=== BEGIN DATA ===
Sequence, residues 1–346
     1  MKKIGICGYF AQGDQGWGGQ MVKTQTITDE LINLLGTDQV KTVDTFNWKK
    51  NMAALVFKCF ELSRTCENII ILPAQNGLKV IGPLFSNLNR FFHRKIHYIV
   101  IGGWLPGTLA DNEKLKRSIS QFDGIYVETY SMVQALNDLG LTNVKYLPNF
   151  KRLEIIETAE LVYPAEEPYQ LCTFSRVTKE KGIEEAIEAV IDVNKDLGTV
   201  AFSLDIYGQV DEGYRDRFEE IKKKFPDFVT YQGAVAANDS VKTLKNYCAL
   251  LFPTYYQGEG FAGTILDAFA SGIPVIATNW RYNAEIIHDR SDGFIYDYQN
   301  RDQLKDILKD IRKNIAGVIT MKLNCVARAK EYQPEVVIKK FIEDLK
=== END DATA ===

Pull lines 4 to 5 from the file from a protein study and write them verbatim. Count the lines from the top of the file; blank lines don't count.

   101  IGGWLPGTLA DNEKLKRSIS QFDGIYVETY SMVQALNDLG LTNVKYLPNF
   151  KRLEIIETAE LVYPAEEPYQ LCTFSRVTKE KGIEEAIEAV IDVNKDLGTV